NL Liberals lead as NDP surges past Tories into second placeJune 26, 2015
By David Coletto
According to a new VOCM-Abacus Data random telephone survey of 722 eligible voters in Newfoundland and Labrador conducted from June 17 to 21, 2015, the NL Liberals continue to hold a large lead in voter support. The survey also finds a surge in support for the NDP, which has jumped into second place ahead of the PCs, who now find themselves in third place, 32-points behind the Liberals.
The Liberals lead the NDP by 28-points with support at 53% among committed voters. The NDP stands at 25% while 21% of committed respondents would vote for the Progressive Conservatives. Support for the Liberals is down 4-points, up 16-points for the NDP, and down 11-points for the PCs since March 2015.
Among all respondents, 19% said they were undecided unchanged from March.
Liberals ahead in all regions of Newfoundland and Labrador
The Liberal Party leads in all regions of the province although the race is much closer on the Avalon Peninsula and in the St. John’s region where the Liberals have a 9-point lead over the NDP. In the region, the Liberals have the support of 42% of committed voters compared to 33% for the NDP and 24% for the PCs.
In the rest of the province, the Liberals have very large leads over their rivals. In Eastern Newfoundland, the Liberals led by 45-points over the Tories (L 68, PC 23, NDP 9). In Central Newfoundland, the Liberal lead is 45-points over the Tories (L 64, PC 19, NDP 17), while in Western Newfoundland, the Liberals lead by 45-points over the NDP (L 65, NDP 20, PC 15). In Labrador, the Liberal lead is 28-points over the NDP (L 45%, NDP 26%, PC 18%).
Only four in ten past PC voters are currently supporting the PCs; 28% of former NDP voters now back the Liberals
When we compare current vote intention with how voters said they voted in the 2011 provincial election, the Liberal Party’s lead is built around three factors: it is holding most of its previous support (92% of former Liberal voters currently support the party), it has attracted 41% of former PC supporters while also gaining the support of 28% of those who voted NDP in the last provincial election.
The Progressive Conservative Party has the support of only 44% of its former supporters. Twenty-seven percent (41%) of former PC supporters now say they would vote Liberal while 14% said they are now supporting the NDP.
The NDP has lost about three in ten of its past voters with 28% saying they would vote Liberal and 2% saying they would vote PC.
NL Liberals have the largest pool of accessible voters but the NDP is gaining
The survey also asked respondents if they would consider voting for each of the three main political parties. The Liberals have the largest pool of accessible voters with two in three eligible voters (64%) in NL saying they would consider voting Liberal. This compares with 50% for the NDP and 35% for the PCs.
For the NDP, its pool of accessible voters has surged by 21-points since March and the election of its new leader Earle McCurdy. The Tories, on the other hand, have seen a further erosion of its potential support. Only 35% of eligible voters in NL now say they would consider voting PC, down 6-points since March.
Insights from Abacus Data
Since March, the political landscape in Newfoundland and Labrador has changed substantially. While the Liberals continue to hold a large lead over their rivals, the NL NDP has surged ahead of the incumbent PCs into second place. The election of the NDP in Alberta and the positive reception that NDP leader Earle McCurdy has received since becoming leader in March likely accounts in the surge of support for the NDP in not only vote intentions, but also in the number of eligible voters who would consider voting NDP. The NDP is in a much stronger position today than they were only three months ago when the party was languishing in single digit support.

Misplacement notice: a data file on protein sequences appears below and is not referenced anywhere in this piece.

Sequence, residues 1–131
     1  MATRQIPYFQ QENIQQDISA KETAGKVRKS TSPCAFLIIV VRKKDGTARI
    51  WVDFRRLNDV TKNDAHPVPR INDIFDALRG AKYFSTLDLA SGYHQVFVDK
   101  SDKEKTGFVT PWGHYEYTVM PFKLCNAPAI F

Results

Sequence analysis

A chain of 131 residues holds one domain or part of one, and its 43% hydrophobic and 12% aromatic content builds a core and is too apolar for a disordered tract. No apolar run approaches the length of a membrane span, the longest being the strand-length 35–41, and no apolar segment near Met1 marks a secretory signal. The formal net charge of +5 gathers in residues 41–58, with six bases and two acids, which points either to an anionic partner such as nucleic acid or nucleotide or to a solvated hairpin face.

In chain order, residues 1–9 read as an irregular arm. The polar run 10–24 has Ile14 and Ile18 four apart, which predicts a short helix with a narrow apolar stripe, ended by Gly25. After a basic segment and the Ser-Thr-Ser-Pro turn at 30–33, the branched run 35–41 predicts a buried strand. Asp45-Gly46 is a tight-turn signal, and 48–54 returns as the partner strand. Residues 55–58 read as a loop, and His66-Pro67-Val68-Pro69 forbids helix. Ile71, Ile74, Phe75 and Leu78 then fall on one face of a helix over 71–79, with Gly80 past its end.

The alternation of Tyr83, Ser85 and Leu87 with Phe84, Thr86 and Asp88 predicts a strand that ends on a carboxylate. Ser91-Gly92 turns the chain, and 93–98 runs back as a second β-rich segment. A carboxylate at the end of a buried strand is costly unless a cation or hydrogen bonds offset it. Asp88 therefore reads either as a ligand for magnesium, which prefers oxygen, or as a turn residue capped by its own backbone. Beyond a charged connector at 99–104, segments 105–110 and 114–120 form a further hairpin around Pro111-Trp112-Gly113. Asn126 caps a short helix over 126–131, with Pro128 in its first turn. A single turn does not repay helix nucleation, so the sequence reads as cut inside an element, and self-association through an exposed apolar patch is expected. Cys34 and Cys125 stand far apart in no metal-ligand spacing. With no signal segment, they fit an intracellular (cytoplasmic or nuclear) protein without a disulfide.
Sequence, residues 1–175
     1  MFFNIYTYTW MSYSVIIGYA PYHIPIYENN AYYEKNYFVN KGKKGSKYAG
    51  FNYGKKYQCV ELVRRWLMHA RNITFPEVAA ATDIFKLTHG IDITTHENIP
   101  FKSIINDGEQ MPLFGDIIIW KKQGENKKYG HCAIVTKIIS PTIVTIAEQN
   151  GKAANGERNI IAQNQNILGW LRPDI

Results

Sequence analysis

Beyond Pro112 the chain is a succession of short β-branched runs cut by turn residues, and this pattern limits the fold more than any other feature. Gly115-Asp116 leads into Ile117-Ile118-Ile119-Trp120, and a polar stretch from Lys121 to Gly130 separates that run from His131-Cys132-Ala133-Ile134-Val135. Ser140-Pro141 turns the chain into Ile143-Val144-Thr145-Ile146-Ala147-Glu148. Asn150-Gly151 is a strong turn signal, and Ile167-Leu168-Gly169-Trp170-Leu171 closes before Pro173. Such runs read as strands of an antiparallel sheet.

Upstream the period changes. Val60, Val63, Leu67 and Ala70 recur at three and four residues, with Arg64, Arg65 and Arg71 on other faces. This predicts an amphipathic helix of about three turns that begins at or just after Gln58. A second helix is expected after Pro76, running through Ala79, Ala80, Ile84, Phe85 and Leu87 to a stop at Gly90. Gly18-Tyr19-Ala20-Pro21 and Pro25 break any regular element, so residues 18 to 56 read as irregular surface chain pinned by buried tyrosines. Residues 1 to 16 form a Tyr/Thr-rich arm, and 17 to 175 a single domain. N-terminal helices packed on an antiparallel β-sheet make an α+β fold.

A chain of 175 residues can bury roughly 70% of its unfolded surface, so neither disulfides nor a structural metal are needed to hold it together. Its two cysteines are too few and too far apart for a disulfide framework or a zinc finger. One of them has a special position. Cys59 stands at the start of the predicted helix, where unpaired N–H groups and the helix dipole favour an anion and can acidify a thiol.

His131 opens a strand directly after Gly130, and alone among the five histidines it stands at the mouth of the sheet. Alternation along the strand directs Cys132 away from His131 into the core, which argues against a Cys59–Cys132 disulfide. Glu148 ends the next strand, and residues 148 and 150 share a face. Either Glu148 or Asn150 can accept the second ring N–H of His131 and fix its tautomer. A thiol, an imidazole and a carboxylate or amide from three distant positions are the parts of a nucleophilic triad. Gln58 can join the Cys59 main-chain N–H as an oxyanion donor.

The same cannot be said for the incumbent Progressive Conservative Party. Since March of this year, support for the incumbents has dropped 11-points to 21%. To make matters worse, fewer eligible voters today would consider voting PC than at any point since we started tracking voter intentions in the province. Only 35% of eligible voters would consider voting PC – almost half as many as would consider voting for the Liberal Party.
The desire for change in the province is strong and despite relatively good personal numbers, Premier Davis faces a daunting challenge rebuilding his party’s support before the November election. Not only does he face a Liberal Party with broad and deep support across the province but an upstart NDP which is benefiting from a popular leader and renewed interest in the party.
Early next week we will release further results from the survey on top issues, the desire for change, leaders, and how voters perceive the two opposition leaders. We will also have reaction to the HST hike announced in the recent provincial budget. That will be followed by a look at federal politics in Newfoundland and Labrador.
The random live-interview telephone survey commissioned by VOCM was conducted with 722 eligible voters living in Newfoundland and Labrador. The survey was completed from June 17 to 21, 2015. The margin of error for a probability-based random sample of 500 respondents using a probability sample is +/- 3.7%, 19 times out of 20.
The data was statistically weighted according to census data to ensure that the sample matched population of Newfoundland and Labrador. The tables within this report detail the weighted and unweighted counts for the sample.
Note the small sample sizes when reviewing results in subgroups.
For more information about the poll’s methodology or the results, please contact David Coletto, CEO at email@example.com or at 613-232-2806.
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